Intestinal Ischemic Syndrome, also referred to as Mesenteric Ischemic Syndrome or Visceral Ischemic Syndrome, is a condition wherein blood supply to the gastrointestinal system is obstructed due to blockages in the blood vessels leading up to the gut, namely the celiac artery, superior mesenteric artery and the inferior mesenteric artery. This ailment predominantly occurs in the elderly above the age of 60 years but can also arise in young adults and middle-aged individuals with pre-existing chronic illnesses of diabetes, hypertension.
Causes Of Intestinal Ischemia/Mesenteric Ischemia:
The chief cause of intestinal ischemic syndrome is atherosclerosis i.e. fat deposits accumulating in the walls of blood vessels, which invariably makes them narrower and impedes blood flow through the tubular passages.
Types Of Mesenteric Ischemia:
Intestinal or mesenteric ischemia is categorised into two distinct types based on the nature of their onset and duration of symptoms as acute mesenteric ischemia and chronic mesenteric ischemia.
Acute Mesenteric Ischemia: This type of intestinal ischemia occurs suddenly, primarily due to blockage or narrowing of arteries that transport oxygen-rich blood to the intestines.
Chronic Mesenteric Ischemia: Here, the onset of intestinal ischemia is more gradual, with symptoms initially being minor and intensifying over time and happens as a result of blood vessels leading up to the intestines becoming narrow and impeding flow of blood enriched with oxygen and nutrients. Suffering from long-term illnesses like type 2 diabetes mellitus, hypertension or constant high blood cholesterol increases the risk of chronic mesenteric ischemia.
Both the types - acute and chronic mesenteric ischemia - are induced by atherosclerosis i.e. the build-up of fatty deposits – plaque on the walls of the arteries.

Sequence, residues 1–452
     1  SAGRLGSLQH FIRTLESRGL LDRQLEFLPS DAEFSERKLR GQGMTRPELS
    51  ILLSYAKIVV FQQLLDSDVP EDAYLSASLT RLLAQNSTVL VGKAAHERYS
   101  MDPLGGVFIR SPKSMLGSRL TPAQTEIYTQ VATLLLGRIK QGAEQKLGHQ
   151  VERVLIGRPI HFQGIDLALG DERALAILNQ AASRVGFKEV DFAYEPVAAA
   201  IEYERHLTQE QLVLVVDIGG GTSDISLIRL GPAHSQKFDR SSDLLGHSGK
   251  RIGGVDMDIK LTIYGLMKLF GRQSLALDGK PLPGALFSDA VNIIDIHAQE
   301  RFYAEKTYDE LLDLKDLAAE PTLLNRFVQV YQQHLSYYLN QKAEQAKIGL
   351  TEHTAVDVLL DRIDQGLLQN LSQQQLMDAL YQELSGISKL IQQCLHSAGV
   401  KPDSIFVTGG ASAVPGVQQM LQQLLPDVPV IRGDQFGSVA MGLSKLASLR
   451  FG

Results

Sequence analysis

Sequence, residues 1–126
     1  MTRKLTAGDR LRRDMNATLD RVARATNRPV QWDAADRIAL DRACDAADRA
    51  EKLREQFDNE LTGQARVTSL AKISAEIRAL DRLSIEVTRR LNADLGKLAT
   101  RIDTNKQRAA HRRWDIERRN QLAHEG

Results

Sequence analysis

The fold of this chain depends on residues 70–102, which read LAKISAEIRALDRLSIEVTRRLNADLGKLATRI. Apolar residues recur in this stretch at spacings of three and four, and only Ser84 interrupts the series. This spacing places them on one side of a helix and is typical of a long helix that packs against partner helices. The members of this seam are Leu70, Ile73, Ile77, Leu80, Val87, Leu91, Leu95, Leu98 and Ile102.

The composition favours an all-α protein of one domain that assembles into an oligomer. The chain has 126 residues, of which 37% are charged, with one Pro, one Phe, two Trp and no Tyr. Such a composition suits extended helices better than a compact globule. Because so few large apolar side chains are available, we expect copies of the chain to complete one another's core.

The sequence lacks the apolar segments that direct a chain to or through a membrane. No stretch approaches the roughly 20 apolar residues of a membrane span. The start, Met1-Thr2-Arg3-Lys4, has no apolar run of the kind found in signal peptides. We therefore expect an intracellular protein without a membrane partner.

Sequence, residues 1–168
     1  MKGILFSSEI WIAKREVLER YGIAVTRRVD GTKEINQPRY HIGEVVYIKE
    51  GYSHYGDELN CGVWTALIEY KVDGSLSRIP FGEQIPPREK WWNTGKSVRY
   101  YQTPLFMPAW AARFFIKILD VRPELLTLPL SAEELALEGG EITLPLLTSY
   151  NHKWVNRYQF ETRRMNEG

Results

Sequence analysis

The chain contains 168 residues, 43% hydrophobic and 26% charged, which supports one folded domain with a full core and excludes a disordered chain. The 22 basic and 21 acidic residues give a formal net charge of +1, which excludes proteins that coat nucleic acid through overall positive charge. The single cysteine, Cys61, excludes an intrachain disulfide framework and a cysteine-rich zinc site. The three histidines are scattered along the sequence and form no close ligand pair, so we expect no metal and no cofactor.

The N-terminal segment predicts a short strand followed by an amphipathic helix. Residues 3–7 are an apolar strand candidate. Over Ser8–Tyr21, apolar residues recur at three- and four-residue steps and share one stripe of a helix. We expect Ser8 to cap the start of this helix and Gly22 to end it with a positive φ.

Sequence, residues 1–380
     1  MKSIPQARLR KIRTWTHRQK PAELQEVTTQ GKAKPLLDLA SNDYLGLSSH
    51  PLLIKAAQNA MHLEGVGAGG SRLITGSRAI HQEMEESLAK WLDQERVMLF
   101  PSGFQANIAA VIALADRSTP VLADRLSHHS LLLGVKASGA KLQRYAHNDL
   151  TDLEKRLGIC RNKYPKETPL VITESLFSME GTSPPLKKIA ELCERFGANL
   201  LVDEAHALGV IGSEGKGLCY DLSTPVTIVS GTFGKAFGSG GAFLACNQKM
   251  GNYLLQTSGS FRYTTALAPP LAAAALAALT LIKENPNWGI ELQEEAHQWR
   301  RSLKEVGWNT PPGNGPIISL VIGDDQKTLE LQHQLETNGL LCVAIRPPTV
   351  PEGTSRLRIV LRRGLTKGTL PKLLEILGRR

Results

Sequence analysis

The typical signs of acute mesenteric ischemia are:
- Intense pain in the abdomen focused on one particular area
- Feeling of nausea, with vomiting
- The urgency to undergo bowel movements
- Discharge of blood with stools
If left unattended, acute mesenteric ischemia can prompt sepsis, major damage to the intestines and in some cases, even death. Thus, distress in the heart, chest pain and other warning signals of cardiovascular disease must be reported to the medical expert at once, to ensure quick diagnosis and timely treatment.
The characteristic indications of chronic mesenteric ischemia consist of:
Sudden, unexplained weight loss
Fear and hesitation to eat meals regularly due to the excruciating abdominal pain that arises afterwards
Constipation and/or diarrhoea
Cardiovascular disorders such as peripheral artery disease, coronary artery disease and stroke
Once the patient reports prominent abdominal discomfort after eating meals accompanied by weight loss, the doctor gauges that mesenteric ischemic syndrome/intestinal ischemic syndrome could be a possible reason. The physician then carries out a set of diagnostic tests to help confirm the blocking of intestinal blood vessels.
Imaging studies of CT scans, MRI scans and X-rays of the abdomen are done, to visualise any narrowing of arteries traversing up to the small intestine. Furthermore, a contrast dye is incorporated into these scans, termed CT angiography, magnetic resonance imaging angiography, which assists in clearly viewing and spotting the site of the narrowed blood vessels.
Treatment for acute mesenteric ischemia involves invasive surgical procedures, wherein the blood clot within the arteries is removed, or the blood vessel structures are widened, to aid in the unobstructed flow of blood and oxygen to the intestines.
Chronic mesenteric ischemia is also remedied by means of surgery to expand the narrowed arteries, clear blood clots, along with prescription blood-thinning medications to prevent further clotting in the blood vessels passing across the intestines.